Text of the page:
If you pushed a standard plug in by hand, you are either stronger than me or a hell of a lot more lucky lol :)

It seems Brian uses a '' large pair of pliers with an old cloth over the jaw to protect the plug''. See here- http://www.ttr250.com/Replacing_cylinder_head_oil_plug/TTR_oil_plug.htm

Jarrah



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Thanks for your replies.

It is the standard Yamaha part that I fitted (wish I had bought Brian's alternative now!)
Not sure that I am lucky it pushed in quite easily by thumb, I would have prefered it to have been a bit tighter.
Anyone else found that theirs went in this easily and not had any problems with it afterwards?

Lama

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yamalama wrote:

Thanks for your replies.

It is the standard Yamaha part that I fitted (wish I had bought Brian's alternative now!)
Not sure that I am lucky it pushed in quite easily by thumb, I would have prefered it to have been a bit tighter.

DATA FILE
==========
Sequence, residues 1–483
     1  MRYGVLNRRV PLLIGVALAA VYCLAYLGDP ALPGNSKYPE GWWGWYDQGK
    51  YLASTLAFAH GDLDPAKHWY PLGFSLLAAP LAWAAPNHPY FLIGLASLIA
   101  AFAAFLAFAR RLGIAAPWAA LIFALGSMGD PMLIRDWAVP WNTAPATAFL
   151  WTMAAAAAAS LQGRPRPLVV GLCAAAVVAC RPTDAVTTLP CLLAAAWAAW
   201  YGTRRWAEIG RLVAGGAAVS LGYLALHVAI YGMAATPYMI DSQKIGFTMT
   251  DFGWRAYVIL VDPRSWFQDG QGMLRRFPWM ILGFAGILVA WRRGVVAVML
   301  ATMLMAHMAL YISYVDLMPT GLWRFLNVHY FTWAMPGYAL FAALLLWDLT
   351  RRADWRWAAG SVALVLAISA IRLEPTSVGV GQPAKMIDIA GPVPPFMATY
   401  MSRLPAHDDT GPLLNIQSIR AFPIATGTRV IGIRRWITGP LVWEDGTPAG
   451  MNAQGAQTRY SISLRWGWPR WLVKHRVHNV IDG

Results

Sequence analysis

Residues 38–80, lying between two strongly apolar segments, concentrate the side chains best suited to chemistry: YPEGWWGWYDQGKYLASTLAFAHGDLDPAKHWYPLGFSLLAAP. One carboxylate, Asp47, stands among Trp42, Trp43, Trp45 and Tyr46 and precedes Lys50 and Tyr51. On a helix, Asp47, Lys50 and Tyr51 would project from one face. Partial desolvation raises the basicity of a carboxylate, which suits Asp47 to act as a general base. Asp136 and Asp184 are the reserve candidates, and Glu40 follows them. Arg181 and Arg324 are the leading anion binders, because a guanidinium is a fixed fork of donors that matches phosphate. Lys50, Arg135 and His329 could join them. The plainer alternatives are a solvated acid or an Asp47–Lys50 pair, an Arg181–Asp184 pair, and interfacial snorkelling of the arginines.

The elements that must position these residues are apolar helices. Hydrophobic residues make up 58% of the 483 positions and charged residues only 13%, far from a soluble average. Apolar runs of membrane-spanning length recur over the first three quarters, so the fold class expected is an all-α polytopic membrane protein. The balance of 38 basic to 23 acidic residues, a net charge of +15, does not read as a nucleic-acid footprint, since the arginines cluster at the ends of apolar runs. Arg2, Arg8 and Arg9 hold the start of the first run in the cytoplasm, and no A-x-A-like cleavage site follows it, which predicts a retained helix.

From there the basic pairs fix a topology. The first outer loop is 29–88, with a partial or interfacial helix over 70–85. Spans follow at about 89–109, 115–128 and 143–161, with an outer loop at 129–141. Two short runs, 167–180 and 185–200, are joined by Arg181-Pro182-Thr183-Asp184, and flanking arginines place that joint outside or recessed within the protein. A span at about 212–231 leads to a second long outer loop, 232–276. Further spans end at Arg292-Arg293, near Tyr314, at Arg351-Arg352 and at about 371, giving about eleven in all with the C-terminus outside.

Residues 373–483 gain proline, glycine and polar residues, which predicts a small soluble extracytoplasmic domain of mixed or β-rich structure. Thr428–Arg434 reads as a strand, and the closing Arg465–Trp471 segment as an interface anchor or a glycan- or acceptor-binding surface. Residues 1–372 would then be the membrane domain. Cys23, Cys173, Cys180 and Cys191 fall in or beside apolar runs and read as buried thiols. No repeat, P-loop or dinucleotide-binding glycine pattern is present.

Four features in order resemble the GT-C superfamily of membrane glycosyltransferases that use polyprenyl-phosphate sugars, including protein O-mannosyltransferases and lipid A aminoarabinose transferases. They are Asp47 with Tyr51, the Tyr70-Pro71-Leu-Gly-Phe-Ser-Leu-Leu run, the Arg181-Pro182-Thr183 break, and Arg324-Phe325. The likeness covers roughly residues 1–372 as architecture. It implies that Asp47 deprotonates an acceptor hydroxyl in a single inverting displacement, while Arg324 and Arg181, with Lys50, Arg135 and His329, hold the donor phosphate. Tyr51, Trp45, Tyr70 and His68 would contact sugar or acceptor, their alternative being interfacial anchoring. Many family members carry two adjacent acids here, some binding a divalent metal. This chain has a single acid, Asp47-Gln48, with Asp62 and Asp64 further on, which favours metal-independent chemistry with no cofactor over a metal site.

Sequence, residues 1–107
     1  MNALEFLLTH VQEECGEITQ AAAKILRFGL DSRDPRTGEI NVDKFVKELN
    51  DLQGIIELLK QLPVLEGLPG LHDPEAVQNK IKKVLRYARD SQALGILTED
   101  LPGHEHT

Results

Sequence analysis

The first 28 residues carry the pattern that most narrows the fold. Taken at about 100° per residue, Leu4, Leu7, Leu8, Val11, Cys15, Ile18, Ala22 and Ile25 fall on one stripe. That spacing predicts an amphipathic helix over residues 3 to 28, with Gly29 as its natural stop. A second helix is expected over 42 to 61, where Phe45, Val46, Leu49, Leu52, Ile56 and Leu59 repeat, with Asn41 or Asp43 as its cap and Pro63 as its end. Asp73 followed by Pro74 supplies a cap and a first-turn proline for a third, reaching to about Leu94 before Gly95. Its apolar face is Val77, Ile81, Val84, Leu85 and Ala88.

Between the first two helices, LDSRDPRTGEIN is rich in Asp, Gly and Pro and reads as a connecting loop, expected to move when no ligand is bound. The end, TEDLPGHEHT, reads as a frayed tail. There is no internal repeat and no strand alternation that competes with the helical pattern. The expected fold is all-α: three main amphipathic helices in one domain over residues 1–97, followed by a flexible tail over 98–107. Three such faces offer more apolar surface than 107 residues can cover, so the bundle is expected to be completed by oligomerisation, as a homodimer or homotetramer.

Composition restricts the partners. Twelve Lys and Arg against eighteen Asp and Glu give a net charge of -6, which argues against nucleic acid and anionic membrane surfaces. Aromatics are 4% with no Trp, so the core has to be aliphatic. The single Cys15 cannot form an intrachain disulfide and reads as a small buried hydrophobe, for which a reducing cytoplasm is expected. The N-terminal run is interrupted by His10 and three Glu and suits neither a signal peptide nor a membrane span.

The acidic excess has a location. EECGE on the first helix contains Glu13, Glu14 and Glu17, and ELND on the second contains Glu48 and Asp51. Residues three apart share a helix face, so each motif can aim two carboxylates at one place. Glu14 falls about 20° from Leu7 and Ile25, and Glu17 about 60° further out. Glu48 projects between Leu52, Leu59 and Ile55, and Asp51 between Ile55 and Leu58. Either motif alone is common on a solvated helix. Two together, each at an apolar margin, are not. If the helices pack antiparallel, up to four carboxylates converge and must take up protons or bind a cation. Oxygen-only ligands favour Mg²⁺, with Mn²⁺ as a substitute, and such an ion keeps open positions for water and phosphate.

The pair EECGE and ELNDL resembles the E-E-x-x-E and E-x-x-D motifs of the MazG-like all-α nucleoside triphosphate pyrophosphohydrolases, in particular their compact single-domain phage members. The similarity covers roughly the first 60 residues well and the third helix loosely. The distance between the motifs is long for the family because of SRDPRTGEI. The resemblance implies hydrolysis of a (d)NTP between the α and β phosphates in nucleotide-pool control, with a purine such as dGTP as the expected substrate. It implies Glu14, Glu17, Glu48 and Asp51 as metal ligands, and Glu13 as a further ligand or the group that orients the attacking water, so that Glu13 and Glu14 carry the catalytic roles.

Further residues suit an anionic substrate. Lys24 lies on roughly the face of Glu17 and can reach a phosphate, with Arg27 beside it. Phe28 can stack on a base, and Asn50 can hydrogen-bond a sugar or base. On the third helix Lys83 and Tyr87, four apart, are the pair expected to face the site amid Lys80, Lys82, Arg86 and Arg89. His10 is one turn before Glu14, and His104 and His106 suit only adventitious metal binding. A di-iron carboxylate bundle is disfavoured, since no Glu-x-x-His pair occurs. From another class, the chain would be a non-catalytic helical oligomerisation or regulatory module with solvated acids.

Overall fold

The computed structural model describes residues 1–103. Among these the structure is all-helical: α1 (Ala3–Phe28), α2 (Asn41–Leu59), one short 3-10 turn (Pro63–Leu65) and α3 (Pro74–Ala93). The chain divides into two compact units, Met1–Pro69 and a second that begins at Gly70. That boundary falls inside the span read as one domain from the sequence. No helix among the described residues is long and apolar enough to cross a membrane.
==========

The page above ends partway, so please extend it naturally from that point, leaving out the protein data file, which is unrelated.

Anyone else found that theirs went in this easily and not had any problems with it afterwards?

Lama


I have fitted a few of the Yamaha plugs over the years and they have always been a tight fit and required careful knocking in with a hammer and piece of round dowel. 

I am not sure why yours is loose. I can't think that a previous owner would have opened out the decompressor hole for any reason. Could you have a defective new part? Otherwise I am confused confuse

Brian



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Decompressor blanking plug and removing decompressor arm
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Scott's most excellent plugs are available to purchase here.